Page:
1856 anti-slavery banner from first Republican candidate leads June Americana & Political event at Heritage Auctions
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1856 anti-slavery banner from first Republican candidate leads June Americana & Political event at Heritage Auctions
John C. Frémont: Fabulous Anti-Slavery Folk Art Banner.

DALLAS, TX.- An extremely rare two-sided banner used to promote the first Republican candidate for president could bring $100,000 or more when it is sold in Heritage Auctions’ Americana & Political Signature® Auction June 11-12.

The John C. Frémont: Fabulous Anti-Slavery Folk Art Banner supported the candidate from California in the 1856 election. An explorer, military officer and California Senator, Frémont also was the founder of the state’s Republican party. He lost the 1856 election to James Buchanan.

“John Frémont was a very important figure in the history of California and the Western United States,” Heritage Auctions Americana Director Curtis Lindner said. “He was an outspoken opponent of slavery, making him part of one of the most important political movements in U.S. history.”

The banner, which is believed to have originated in Connecticut, is magnificent. Despite the adoption of “Free Soil, Free Press, Free Men and Fremont” as the party’s 1856 campaign slogan, campaign artifacts specifically mentioning slavery and Republican resistance to it are exceptionally rare. One side of the banner features a displayed eagle with riband reading, “Fremont and Dayton. Kansas Shall Be Free!” The other side has a flowing riband reading “I am Opposed to Slavery in the Abstract and from Principle! John C. Fremont. “The People’s Choice’ ‘John and Jessie.’”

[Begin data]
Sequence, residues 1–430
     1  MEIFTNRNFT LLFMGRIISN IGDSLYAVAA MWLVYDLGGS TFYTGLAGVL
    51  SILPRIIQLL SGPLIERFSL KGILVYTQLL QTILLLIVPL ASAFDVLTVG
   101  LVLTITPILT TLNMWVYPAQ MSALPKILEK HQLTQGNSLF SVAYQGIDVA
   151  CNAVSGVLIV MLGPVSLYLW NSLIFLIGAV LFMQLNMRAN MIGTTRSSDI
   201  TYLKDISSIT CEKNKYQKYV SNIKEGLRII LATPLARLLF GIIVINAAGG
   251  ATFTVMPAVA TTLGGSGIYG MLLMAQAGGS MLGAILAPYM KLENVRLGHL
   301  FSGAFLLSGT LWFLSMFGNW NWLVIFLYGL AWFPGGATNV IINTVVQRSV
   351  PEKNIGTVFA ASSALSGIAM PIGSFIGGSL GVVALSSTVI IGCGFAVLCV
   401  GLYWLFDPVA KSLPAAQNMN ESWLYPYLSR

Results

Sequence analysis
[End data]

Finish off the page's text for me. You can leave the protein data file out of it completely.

A Rare Pair of Presidential Paris Porcelain Portrait Urns featuring John Adams and Thomas Jefferson (estimate: $50,000+) who are uniquely linked in the country’s history: as Founding Fathers, their political philosophies and writings combined to form the key elements of the Declaration of Independence. Adams and Jefferson both served early diplomatic missions in France and became close friends until the ideals of Jeffersonian democracy strained the Federalist establishment … and their relationship, although they reconciled in the latter stages of their lives. The two actually died on the same day: July 4, 1826, the 50th anniversary of the signing of the Declaration of Independence. French porcelains began to appear in the homes of wealthy Americans during the first quarter of the 19th century, often depicting historical events and patriotic subjects. Beginning with George Washington's administration, and continuing throughout the 19th century, American presidents chose Paris porcelain for their table and decorative wares.

A Desk from the U.S. House of Representatives, Circa 1857 (estimate: $30,000+) was designed by Thomas U. Walter, the architect of the Capitol whose renovations included the enlarged dome surmounted by a statue of a Native American princess, emblematic of Liberty. Chairs and desks were ordered as part of an 1857 renovation of the House, overseen by U.S. Army Quartermaster General Montgomery C. Meigs. There were 241 Congressmen at that time, but when 11 states seceded from the Union, the number of members was reduced to 175. Excess furniture then was distributed to other government buildings and sold to the public. The offered desk, which is not accompanied by a chair, was manufactured by Doe & Hazelton of Boston. When the House of Representatives was refurbished in 1873, any remaining desks and chairs were sold off. Examples reside in several museums (Smithsonian Institution, High Museum of Art, Lincoln Memorial University at Harrogate, Chicago History Museum, Ft. Wayne Historical Society).